Photo/File  Use your lamps to light up a garden pathway.

Photo/File Use your lamps to light up a garden pathway. 

In Summary

Some of the benefits of outdoor solar lighting:

  • Match the light to the function you want it to perform.
  • They can be used to mark landscape hazards.
  • Can be adjusted easily.
  • Are superior to low voltage outdoor lights.
  • Can help you save on electricity costs.

 

Installing outdoor lighting can pose many challenges. In addition to the cost of the lights, it’s usually necessary to get a qualified electrician to do the installation.

Solar-powered lights are becoming an increasingly popular alternative when it comes to outdoor lighting.

They are affordable, easy to install yourself and can be relocated easily. You also save on electricity costs and the good news is that they are readily available locally.

Until recently, most solar lights emitted only a dim light and were not all that reliable.

This has changed, as super-bright LEDs have replaced more conventional filament bulbs.

Light-emitting diodes (LEDs) create light without generating the waste heat of normal bulbs, so they are very bright, yet require far less electricity to operate.

The result is a dependable, long-term “bulb” that will usually shine for the life of the product.

Other recent advances in solar lighting technology include the development of more efficient photovoltaic cells, improved circuitry and more efficient batteries.

These new solar lights are able to perform throughout the year with little variation in performance.

Illumination

When shopping for solar lights, it’s important to match the light to the function you want it to perform.

There are three primary categories of solar lights for use in the landscape: accent lights, path lights, spotlights and task lights.

Accent lights add a pleasant glow to your landscape. Their relatively low level of illumination is designed to “mark a place,” not illuminate an object or light a pathway.

Due to their low light output, accent lights usually boast longer runtimes than other types of solar lights.

In fact, it is not unusual for a quality accent light to run many nights on just a single day’s charge.

Accent lights typically use efficient multi-crystalline solar cells that allow them to charge even on cloudy days or in partially shaded areas.

Many accent lights utilise amber LEDs to create an even softer ambience than the standard white LEDs.

Some of them also “flicker” to simulate candle light. Amber LEDs use less electricity than their white counterparts, which allows for even longer runtimes.

Accent lights can be used to mark landscape hazards, such as a large rock that could be tripped over at night, or as garden features themselves.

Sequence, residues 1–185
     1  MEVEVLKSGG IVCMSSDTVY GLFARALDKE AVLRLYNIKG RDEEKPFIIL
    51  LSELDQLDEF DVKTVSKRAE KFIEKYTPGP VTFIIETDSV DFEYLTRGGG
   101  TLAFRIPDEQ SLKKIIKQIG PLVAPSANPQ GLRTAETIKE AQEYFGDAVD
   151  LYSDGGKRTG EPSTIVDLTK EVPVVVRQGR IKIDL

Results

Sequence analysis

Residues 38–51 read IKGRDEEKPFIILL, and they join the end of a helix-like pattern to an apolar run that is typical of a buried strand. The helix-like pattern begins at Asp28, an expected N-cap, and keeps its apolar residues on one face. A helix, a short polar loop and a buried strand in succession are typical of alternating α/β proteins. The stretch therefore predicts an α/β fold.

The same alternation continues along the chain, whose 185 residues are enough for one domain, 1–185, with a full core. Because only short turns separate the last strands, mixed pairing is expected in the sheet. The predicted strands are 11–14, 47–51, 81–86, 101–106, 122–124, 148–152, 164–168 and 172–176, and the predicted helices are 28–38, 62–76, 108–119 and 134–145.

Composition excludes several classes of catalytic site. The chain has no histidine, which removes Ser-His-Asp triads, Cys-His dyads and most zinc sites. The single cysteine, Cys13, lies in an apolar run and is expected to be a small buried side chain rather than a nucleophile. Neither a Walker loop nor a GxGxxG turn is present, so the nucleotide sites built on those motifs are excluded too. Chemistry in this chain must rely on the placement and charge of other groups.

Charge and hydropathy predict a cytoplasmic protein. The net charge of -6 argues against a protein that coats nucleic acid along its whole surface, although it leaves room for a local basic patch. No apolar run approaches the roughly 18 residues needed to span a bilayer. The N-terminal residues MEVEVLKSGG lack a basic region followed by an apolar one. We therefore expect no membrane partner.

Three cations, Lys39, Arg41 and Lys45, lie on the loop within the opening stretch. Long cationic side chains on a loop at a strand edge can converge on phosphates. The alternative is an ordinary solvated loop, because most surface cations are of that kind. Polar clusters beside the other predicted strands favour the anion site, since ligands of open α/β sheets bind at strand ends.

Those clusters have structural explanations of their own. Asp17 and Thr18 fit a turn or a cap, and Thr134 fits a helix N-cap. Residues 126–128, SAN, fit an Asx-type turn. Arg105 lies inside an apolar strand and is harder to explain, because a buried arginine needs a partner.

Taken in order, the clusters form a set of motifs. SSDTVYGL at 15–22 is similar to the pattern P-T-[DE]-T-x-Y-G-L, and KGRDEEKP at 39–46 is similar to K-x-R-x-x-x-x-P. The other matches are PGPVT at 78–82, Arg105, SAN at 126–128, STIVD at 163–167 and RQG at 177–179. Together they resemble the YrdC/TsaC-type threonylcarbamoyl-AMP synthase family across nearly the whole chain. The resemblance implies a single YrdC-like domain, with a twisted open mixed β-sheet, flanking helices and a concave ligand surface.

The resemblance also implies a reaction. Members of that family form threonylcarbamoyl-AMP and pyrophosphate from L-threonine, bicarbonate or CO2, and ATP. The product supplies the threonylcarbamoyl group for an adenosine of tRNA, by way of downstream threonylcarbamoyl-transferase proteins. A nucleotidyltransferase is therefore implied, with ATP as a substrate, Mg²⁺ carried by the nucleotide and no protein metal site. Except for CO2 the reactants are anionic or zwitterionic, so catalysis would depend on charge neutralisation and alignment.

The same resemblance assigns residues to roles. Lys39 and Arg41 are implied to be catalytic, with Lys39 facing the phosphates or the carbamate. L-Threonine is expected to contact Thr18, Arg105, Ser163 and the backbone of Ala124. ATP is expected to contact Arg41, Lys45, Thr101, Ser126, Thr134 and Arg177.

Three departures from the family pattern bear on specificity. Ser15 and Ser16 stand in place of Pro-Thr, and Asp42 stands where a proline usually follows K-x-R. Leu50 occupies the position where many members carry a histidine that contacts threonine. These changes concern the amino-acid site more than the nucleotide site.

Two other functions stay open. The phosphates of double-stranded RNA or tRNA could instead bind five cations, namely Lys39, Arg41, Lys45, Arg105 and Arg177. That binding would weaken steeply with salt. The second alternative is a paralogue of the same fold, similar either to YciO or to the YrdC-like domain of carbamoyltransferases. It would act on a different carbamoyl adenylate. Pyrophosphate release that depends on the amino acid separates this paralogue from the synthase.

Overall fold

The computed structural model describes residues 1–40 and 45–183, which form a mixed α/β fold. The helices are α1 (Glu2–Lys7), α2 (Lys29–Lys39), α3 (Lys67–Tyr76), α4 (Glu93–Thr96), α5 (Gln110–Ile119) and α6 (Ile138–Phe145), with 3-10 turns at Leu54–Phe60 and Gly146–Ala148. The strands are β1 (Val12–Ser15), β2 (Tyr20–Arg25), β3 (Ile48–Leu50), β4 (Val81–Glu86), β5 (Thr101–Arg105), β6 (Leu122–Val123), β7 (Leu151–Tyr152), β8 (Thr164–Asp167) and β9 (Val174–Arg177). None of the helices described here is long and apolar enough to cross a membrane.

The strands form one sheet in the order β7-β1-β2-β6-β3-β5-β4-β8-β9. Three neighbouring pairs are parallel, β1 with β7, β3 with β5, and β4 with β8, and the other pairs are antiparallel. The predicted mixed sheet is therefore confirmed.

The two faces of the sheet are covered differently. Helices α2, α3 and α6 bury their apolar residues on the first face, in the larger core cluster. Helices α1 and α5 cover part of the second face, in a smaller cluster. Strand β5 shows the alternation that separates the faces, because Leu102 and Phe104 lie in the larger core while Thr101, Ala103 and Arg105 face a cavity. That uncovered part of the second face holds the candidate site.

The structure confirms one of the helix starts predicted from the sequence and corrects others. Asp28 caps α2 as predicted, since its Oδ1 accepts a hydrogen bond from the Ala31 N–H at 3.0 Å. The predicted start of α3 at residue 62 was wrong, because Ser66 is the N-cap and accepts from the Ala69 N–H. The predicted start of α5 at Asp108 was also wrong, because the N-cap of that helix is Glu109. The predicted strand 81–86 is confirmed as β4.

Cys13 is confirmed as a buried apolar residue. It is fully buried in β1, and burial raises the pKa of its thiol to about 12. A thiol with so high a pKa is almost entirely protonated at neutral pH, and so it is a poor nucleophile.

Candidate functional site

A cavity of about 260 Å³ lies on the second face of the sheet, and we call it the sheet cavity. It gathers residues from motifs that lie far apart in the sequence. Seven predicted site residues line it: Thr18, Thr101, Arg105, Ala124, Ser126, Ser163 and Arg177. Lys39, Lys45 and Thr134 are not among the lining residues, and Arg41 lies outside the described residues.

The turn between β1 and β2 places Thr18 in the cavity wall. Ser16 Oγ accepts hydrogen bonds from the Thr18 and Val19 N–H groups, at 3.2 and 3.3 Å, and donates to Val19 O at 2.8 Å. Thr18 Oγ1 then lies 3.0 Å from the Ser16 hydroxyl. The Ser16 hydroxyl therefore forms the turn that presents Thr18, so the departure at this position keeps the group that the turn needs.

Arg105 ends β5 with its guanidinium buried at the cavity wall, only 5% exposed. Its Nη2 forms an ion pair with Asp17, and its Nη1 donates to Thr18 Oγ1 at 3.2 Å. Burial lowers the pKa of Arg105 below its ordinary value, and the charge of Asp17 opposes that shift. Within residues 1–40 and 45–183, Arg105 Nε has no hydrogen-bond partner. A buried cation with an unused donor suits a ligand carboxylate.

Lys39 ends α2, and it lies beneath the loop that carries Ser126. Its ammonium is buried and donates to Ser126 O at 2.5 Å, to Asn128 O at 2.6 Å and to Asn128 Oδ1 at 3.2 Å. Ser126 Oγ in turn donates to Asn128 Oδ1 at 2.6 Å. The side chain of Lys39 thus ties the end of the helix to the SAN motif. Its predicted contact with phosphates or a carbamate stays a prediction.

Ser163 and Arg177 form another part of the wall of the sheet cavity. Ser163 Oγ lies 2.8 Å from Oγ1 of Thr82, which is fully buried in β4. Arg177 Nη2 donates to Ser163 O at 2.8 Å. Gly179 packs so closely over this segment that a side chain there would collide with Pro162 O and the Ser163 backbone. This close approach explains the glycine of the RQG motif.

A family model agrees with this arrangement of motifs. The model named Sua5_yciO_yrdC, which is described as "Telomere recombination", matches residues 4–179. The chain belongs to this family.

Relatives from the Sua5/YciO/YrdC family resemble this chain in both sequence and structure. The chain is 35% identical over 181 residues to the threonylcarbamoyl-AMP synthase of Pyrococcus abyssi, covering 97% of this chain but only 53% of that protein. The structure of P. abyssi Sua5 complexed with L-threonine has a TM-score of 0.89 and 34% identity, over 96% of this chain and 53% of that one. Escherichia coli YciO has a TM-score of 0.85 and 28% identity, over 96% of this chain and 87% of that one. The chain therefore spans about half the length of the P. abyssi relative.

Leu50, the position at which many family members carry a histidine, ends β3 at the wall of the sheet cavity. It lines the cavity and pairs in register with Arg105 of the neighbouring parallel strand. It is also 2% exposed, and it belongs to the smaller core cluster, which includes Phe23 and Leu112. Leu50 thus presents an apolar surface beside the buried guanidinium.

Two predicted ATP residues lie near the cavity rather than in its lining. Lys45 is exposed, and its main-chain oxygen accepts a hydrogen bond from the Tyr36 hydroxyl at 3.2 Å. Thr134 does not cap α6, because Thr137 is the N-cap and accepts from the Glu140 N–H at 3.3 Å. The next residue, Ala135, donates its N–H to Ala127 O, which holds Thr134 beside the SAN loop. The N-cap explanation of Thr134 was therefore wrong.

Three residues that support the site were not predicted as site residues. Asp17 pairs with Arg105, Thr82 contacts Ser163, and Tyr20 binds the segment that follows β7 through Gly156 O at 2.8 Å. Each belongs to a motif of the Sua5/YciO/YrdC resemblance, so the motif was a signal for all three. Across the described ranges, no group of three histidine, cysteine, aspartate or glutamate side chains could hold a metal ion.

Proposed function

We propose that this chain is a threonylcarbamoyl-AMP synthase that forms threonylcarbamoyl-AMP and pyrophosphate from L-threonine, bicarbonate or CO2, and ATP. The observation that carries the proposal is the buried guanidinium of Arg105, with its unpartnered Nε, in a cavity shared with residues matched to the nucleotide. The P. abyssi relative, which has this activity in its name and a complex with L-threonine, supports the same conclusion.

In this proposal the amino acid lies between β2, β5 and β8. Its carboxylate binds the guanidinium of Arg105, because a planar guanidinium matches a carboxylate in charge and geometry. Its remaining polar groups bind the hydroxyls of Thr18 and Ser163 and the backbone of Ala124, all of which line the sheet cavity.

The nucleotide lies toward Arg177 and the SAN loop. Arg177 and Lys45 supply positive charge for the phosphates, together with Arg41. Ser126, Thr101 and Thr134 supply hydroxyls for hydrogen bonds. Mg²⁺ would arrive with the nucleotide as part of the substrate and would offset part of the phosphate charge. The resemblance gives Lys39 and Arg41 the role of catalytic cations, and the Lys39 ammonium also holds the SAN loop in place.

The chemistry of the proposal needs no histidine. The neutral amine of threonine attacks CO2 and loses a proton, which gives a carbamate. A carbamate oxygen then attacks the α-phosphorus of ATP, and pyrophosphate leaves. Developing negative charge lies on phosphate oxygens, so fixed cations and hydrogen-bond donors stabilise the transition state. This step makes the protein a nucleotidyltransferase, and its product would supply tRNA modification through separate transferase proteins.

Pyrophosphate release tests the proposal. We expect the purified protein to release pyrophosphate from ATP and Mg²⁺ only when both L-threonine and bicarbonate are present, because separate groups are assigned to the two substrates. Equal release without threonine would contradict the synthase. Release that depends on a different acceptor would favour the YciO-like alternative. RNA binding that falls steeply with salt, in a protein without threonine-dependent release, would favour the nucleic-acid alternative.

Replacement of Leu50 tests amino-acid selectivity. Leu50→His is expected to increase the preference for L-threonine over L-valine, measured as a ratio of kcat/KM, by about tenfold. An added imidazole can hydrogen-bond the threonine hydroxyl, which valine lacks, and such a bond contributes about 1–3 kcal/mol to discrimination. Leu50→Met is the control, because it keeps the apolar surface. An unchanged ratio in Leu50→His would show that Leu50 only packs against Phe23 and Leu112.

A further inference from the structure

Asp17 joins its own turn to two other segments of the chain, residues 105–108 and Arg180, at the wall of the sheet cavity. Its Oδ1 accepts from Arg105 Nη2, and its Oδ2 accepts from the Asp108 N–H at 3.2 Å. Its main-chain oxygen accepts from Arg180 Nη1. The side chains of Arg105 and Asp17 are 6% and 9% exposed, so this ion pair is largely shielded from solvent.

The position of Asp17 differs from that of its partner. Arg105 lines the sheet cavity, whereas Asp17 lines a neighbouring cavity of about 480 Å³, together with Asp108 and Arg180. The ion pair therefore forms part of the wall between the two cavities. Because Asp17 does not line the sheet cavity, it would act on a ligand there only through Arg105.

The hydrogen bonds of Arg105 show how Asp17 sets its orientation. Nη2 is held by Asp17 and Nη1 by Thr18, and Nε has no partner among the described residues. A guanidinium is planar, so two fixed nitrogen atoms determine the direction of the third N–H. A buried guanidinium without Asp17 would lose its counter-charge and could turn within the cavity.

Compared to the other categories of solar lights, accent lights have the lowest light output and are the most affordable.

Solar path lights

As the name implies, path lights are meant to light paths, walkways, driveway perimeters or other small areas around your home and in your landscape.

They are often used in multiples to guide the way along a set of stairs or a dark walk.

Path lights typically come with a choice of ground stakes, flange mounts and hanging hooks, to give the user a wide choice of positioning options. Most are designed to focus their light downward.

Path lights may also have on-off switches, a feature that allows the homeowner to “store” the electrical charge for a special event and ensure the longest possible run time.

Some models may offer options such as high-low power, coloured lenses, or timers. Solar path lights are a mid-range choice in terms of price and light output

Task lights and spot lights

Task lights and spotlights are the brightest class of solar lights and usually carry the highest price tag.

They are designed to cast a bright beam of light on plants or entrances. That said, it is important to realise that a solar task light will not perform like a standard 100-watt outdoor floodlight.

A high-quality solar light with good LEDs can produce a focused beam of light equivalent to a 40-watt incandescent spotlight—an impressive amount of light that’s both clean and free.

Most solar task lights and spotlights are designed so they can be mounted in a number of ways and can be adjusted to shine in any direction.

Often the solar panel can be mounted separately from the light, which allows you to put the panel in a place where it will get the sun, and the light where it’s needed.

Solar task lights and spotlights are generally the most durable class of solar lights.

While nearly all solar lights are weatherproof and UV protected, solar task lights and spotlights are often more ruggedly constructed.

Solid design

Solar lights that use LEDs have another little-known benefit that makes them especially well suited for landscape use.

As temperatures drop, LEDs generate an even brighter light, due to their solid state design.

In this respect, solar lights are superior to low-voltage outdoor lights and compact fluorescent lights, which operate less efficiently in cold conditions.

LEDs also have a lifespan in excess of 100,000 hours compared to 2,000 to 3,000 hours for the average incandescent.

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